If you have a “bucket list,” of things do in this life, consider putting a trip to Rome on there. My wife and I spent two weeks last October, walking through Rome’s ancient side streets, following tour guides underground in the Catacombs, and savoring some delicious food above ground, all while uncovering layers and layers of buried history. I could have spent a whole month in Rome, and still hungered for more.
What stood out to me the most was how this once great center of pagan, classical culture, was overtaken by the story of Christianity. How did this marbled, sculptured story of the Greco-Roman world get superseded by the painted images of the Crucified and Risen Christ, found throughout so many of Rome’s churches?
My wife and I took another trip recently, a bit closer to home, down to Florida and back, which afforded me a lot of time driving and riding in a car … for many hours. It was the perfect opportunity to listen to some Audible audiobooks, so I downloaded James J. O’Donnell’s Pagans: The End of Traditional Religion and the Rise of Christianity , and I enjoyed it immensely. I felt like I was right back there in Rome, ascending the Palantine Hill overlooking the Roman Forum.
Pagans is one of the recommended books that you will find, while viewing Tim O’Neill’s excellent website, History for Atheists. Followers of Veracity will know that Tim O’Neill has done a great service by properly educating atheists regarding the accurate history of Christianity, and Christians can learn from him as well. As an atheist himself, to accuse O’Neill of having a cognitive bias favoring Christianity simply falls flat.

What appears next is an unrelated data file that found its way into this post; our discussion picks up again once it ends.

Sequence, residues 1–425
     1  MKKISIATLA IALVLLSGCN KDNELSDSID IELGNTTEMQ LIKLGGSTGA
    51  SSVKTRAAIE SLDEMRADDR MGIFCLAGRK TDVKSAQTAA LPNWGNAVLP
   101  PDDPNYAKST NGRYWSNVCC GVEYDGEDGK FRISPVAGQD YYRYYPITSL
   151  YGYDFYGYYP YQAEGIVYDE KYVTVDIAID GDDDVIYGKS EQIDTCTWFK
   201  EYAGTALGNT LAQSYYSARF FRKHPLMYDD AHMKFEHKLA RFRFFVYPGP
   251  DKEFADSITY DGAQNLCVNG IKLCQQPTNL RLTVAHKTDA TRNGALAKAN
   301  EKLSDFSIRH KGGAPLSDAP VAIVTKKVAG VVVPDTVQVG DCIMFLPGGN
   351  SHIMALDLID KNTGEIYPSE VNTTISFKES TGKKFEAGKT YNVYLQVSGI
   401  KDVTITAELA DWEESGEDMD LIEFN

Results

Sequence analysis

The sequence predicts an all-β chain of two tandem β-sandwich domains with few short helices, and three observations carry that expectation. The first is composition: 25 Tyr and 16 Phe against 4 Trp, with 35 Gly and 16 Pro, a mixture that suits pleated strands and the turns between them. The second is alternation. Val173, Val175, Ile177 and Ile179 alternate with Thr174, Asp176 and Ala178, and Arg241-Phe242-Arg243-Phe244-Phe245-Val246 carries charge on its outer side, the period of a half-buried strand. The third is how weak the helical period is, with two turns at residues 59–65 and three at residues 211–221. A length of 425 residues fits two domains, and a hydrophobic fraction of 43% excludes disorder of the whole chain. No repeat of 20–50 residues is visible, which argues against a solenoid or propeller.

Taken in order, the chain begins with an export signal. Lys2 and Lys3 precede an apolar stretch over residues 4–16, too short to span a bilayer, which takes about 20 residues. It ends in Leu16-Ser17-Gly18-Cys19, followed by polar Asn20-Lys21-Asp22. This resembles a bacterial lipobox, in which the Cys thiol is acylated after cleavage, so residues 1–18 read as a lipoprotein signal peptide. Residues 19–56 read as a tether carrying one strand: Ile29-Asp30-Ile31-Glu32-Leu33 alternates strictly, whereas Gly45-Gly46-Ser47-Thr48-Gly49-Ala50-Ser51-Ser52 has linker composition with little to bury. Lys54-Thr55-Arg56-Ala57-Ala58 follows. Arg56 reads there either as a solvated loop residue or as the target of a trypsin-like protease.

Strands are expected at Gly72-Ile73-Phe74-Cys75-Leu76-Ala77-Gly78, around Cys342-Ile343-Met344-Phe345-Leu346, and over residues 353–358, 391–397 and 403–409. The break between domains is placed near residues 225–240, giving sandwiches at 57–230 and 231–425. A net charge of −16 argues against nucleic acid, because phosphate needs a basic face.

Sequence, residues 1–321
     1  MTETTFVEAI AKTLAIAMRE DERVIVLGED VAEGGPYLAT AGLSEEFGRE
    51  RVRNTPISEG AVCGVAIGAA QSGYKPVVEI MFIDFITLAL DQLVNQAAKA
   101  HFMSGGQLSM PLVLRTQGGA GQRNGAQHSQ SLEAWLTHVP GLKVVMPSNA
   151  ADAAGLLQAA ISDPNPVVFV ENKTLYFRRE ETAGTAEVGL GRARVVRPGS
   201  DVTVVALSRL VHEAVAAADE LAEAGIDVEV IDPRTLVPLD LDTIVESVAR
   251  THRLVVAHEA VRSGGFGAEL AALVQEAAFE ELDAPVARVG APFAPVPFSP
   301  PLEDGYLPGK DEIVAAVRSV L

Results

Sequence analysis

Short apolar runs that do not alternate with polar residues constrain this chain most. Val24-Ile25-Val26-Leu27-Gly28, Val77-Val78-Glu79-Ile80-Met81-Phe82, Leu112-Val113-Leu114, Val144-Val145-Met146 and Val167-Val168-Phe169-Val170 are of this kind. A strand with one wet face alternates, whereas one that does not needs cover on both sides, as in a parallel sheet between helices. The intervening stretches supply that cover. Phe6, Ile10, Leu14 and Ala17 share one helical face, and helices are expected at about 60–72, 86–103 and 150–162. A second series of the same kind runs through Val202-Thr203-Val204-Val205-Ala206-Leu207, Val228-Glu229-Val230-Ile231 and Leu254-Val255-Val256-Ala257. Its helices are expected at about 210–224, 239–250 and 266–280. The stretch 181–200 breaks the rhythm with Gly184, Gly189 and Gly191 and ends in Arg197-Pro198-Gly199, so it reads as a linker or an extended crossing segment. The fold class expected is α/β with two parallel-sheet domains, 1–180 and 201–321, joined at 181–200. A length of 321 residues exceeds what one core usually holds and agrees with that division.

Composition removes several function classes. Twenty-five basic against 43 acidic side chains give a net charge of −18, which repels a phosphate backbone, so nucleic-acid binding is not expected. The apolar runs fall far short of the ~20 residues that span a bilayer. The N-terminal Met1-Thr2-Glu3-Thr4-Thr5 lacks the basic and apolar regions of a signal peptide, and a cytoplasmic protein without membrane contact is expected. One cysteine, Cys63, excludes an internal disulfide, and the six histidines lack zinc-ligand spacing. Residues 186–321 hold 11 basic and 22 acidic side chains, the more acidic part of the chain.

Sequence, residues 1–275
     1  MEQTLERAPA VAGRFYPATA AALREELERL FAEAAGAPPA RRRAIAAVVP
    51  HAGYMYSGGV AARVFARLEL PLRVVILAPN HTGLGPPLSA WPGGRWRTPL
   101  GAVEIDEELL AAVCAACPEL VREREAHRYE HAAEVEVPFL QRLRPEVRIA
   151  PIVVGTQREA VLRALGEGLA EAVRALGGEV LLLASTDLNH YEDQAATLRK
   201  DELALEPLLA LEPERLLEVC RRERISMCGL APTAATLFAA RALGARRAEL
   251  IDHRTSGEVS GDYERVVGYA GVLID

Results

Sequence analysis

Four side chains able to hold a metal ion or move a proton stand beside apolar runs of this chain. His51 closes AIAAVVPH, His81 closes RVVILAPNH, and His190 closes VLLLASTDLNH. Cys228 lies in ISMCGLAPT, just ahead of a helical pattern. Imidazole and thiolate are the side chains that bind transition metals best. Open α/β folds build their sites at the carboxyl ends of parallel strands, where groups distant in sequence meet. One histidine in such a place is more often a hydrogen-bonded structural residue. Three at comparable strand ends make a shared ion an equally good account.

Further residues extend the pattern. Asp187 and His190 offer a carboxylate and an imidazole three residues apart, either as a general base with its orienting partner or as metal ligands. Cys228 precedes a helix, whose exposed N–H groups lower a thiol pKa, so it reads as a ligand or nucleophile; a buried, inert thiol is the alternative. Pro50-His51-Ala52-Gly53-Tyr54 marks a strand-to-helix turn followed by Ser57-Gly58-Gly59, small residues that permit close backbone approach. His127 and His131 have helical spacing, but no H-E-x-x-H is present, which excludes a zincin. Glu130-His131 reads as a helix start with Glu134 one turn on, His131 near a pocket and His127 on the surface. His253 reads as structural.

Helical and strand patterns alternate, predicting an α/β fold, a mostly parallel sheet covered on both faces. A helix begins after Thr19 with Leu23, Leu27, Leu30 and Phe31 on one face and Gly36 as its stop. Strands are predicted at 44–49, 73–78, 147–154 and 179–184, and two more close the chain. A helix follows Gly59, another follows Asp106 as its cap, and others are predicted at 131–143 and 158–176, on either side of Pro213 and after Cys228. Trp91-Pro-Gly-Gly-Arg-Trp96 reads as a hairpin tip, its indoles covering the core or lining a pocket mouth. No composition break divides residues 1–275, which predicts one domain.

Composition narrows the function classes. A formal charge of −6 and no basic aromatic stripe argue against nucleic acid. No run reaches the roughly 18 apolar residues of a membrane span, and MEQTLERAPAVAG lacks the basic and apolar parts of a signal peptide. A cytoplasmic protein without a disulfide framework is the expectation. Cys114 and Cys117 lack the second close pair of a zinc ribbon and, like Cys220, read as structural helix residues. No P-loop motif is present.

Likewise, O’Donnell, a classical scholar at Arizona State University, and biographer of Saint Augustine of Hippo, manages to correct a lot of popular errors of pagan and early Christian historiography, despite having a somewhat contrarian bent of his own.
In O’Donnell’s retelling, “paganism” as a religious system, did not exist, prior to the rise of Christianity, in the latter days of ancient Rome. The religious traditions of the Greco-Roman world were an amalgamation of various local practices, shrines, and deities, all jumbled together, to be ultimately synthesized by Greek philosophy and Rome’s politics. Christianity essentially invented “paganism” as a concept, as a convenient way of describing what the Christian faith was not. Christianity was unique, as was Judaism, from which it came, in that it claimed that the God is Israel, who raised Jesus from the dead, was the one and only true divine being. The victory of Christianity therefore made the ad hoc assemblage of pagan gods and goddesses irrelevant.
In describing the transition of the pagan world to a Christian Rome, O’Donnell skewers many common misperceptions, that all too often get tossed together along with other “fake news” of our day, propagated by social media. Take the word, “pagan” itself. Historically, to be “pagan” had no religious connotation. The root word, pagani, simply meant “country folk.” This makes great sense considering that the early Christian movement took root in cities like Corinth, Ephesus, and Rome, and not the countryside.